A twaddle is not what you think: it is an instrument used by launderers of old to measure something or other, I forget what exactly. The only one I’ve ever seen was beautifully made of brass and looked vaguely postmodern. It rather sums up Digitalnun and Quietnun on this feast of St Paul, when we should be full of hope about the prospect of Christian Unity but instead are slightly glum.
The absences from the Anglican Primates’ Meeting in Dublin indicate that all is not well there. Nearer home, there is scant evidence that any real progress has been made during the past year and much to suggest the opposite. So, should we burrow our heads under the bedclothes and forget all about it?
It’s difficult to imagine St Paul pulling the bedclothes over his head when there was something that needed to be addressed in the life of the Church. No more can we. Maybe we have reached the point where we have got to reassess what it is that we think we are trying to do and change tack entirely. The one thing we can’t do is give up. Unity isn’t optional: to think that it might be really is twaddle.
Yesterday was a busy day so I didn’t have time to do more than register a blog pooh-poohing the Catholic understanding of the Eucharist and the Church’s canonisation process. They are hardly to be equated, but the blogger took her information from a former Catholic and seemed to think that was good enough to link them both in the magical mystery realm.
Quite apart from the fact that I don’t think it’s a very good idea to take one’s understanding of anything theological from someone who has rejected both the theology and its presuppositions, I was surprised to find I was upset (about the Eucharist, not the canonisation error where the ignorance shown was laughable and did indeed make me smile hugely). Religious debate has always seemed to me good and valuable but mockery is hard to take when what is being mocked is God himself. I can’t think what the equivalent of the title “Transubstantiation and Santa Claus” would be, but I know no one in the monastery would use it of anyone’s religious beliefs. The blogger did not mean to give offence or cause hurt, which is important to remember. I wish I had had time to go into the questions raised but I didn’t, and it is the nature of blogging that yesterday’s post is one with eternity.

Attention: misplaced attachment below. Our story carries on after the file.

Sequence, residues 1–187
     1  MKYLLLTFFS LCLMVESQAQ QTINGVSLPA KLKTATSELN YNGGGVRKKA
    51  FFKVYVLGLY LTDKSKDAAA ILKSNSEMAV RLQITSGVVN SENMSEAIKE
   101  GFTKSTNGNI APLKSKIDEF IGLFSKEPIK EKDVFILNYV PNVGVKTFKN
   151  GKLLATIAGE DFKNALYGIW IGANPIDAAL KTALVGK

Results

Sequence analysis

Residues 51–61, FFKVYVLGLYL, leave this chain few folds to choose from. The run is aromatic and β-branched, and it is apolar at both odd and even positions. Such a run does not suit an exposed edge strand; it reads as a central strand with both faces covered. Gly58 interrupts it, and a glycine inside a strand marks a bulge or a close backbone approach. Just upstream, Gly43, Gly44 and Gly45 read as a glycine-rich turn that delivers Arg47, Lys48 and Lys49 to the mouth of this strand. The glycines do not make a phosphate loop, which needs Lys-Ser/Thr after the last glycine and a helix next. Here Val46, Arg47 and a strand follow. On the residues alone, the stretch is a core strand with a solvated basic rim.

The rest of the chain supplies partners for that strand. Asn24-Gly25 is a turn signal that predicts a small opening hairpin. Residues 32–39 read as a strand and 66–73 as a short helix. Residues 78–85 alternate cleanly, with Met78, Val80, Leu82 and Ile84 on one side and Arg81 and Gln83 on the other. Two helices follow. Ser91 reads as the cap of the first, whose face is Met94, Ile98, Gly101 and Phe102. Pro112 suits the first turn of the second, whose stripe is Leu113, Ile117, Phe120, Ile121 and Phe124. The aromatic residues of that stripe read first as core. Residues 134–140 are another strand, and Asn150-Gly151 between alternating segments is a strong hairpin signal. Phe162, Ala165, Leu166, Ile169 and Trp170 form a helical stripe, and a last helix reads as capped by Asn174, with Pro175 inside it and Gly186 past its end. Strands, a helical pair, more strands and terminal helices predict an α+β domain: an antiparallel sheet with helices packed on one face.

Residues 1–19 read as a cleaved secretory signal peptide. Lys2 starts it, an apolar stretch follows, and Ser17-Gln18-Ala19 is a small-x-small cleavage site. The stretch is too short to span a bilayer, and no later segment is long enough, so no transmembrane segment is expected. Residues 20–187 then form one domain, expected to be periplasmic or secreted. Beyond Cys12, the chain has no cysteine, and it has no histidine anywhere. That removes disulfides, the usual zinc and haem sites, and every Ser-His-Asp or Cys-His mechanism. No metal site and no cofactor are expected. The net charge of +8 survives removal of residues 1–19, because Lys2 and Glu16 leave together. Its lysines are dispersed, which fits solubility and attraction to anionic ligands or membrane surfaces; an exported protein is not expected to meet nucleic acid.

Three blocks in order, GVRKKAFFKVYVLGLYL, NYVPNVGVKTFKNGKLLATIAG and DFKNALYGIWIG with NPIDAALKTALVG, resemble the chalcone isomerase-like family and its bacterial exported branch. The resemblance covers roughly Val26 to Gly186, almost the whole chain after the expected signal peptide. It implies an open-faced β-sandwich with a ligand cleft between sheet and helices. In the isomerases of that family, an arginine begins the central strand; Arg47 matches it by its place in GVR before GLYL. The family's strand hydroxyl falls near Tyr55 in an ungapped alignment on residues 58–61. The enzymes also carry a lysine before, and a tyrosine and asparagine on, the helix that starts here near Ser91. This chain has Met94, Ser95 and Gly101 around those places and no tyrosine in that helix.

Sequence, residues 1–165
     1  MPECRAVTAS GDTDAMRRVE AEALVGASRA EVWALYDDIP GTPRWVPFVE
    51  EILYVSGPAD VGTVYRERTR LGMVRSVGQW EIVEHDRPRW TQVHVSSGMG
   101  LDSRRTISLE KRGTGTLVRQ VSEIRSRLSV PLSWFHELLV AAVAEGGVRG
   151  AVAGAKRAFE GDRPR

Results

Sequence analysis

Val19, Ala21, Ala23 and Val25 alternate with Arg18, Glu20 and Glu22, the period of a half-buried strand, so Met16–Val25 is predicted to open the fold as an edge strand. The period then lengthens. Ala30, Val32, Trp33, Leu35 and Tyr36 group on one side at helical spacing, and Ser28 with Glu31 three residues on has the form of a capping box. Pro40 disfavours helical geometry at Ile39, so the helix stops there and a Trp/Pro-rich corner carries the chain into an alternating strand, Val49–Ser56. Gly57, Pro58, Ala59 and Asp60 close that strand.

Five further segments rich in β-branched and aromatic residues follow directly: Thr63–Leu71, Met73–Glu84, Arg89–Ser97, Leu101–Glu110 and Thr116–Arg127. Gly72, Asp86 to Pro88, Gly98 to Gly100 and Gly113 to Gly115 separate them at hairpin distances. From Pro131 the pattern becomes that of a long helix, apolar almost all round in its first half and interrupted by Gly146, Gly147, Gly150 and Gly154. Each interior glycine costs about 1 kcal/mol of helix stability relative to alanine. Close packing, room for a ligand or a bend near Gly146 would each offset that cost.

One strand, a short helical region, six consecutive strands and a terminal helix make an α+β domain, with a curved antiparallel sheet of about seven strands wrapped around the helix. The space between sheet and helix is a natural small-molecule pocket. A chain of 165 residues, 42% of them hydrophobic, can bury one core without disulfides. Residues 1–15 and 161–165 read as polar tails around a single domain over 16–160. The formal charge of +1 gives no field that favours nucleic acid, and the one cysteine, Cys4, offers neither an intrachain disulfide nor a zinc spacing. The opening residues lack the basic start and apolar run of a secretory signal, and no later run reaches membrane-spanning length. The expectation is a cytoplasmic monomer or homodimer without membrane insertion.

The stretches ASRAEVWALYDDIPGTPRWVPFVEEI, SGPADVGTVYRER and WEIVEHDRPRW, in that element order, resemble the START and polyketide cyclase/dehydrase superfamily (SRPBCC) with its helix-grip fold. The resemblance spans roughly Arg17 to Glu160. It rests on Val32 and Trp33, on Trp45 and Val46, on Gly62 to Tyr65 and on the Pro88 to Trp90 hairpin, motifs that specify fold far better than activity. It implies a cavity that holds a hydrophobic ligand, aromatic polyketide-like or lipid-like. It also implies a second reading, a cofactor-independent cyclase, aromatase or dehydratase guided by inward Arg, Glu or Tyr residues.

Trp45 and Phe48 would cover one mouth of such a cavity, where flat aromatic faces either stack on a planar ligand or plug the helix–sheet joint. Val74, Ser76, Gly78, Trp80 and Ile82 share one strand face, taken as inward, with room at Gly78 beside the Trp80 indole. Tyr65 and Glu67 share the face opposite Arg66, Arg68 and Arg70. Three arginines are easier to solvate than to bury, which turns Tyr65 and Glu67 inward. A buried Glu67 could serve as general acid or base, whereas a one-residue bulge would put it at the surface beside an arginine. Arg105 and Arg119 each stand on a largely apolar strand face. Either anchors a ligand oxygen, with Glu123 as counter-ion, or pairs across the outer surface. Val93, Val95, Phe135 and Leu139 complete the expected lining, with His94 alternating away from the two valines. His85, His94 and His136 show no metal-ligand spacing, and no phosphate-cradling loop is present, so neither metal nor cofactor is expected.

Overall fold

So why am I going on about religious mockery today? In this Octave of Prayer for Christian Unity, that blog post was a reminder that we have a long way to go before we Christians really understand and respect one another. St Benedict in his Rule never lets us forget that reverence for God must spill over into reverence for people and for all that is. Even the goods and utensils of the monastery are to be regarded as sacred altar vessels, capable of holding the mystery of God. Mockery, scurillitas, is something he condemns again and again because it is fundamentally opposed to reverence. If we are to to learn how to appreciate the gifts God has bestowed on us, we must learn how to revere one another, how to respect one another’s beliefs.
Yesterday I really understood why.
A reader emailed to ask how to pray for others, meaning principally, I suspect, how to intercede for them. What follows is sketchy and imperfect but I hope that others will add their own insights.
First of all, I think we have to distinguish between mediation and intercession. There is only one mediator between God and ourselves, Jesus Christ our Lord. We know that he is always praying in and for us, which means that our prayer is always united to his. That is what makes our prayer powerful with God: however inept or inadequate it may seem to us, it is the prayer of Jesus Christ, our eternal High Priest. As such, it is perfect.
When we ask others to pray for us — Our Lady, the saints, our fellow Christians — we are asking their intercession, asking them to pray for us and on our behalf; and we use a different kind of language from that which we use when we are addressing God. The nearest analogy I can find is friendship. When something matters to us, we take our friends into our confidence and share with them our hopes and fears. What more natural than to ask our friends to join their prayers with ours? In doing so, we have the example of the apostles and early Church to encourage us: St Paul, for instance, asks the prayers of the believers in Rome (Romans 15.30) and himself prays for the needs of the Philippians (Philippians 1. 3-4). That is no more than we should expect from our reading of the Old Testament. Who can forget the story of Abraham interceding for Sodom or Moses interceding for the Israelites in battle? When things really matter, we are moved to pray about them, to ask God’s help.
Whenever we pray, we pray as dear children of God, whose every concern is of interest to him. That does not mean that God necessarily agrees with our ideas about how things should be, any more than a human parent might. Sometimes people imagine that if they pray “hard” enough, if they have faith “enough”, they can somehow force God’s hand, and if they fail, it is because they lack faith or perseverance. I’m not sure I believe in such a strange God. I think it is much more likely that they are praying with false expectations. It is not as though God has made his mind up and we can nag him into changing it. He is not so fickle. We ask that we ourselves may change in accordance with his will. Take our sick person again. When we pray for him we don’t tell God what to do, although we do have the courage to ask for what we desire. We may be longing for the sick person to recover, but God may see things differently. As a result, our prayer may not be answered as we hope: the sick person may not recover, but the prayer is not wasted. God is never outdone in generosity. Some other gift will follow, something we or the sick person need more, peace and acceptance perhaps, a gift made possible because we have opened up the channel, so to say.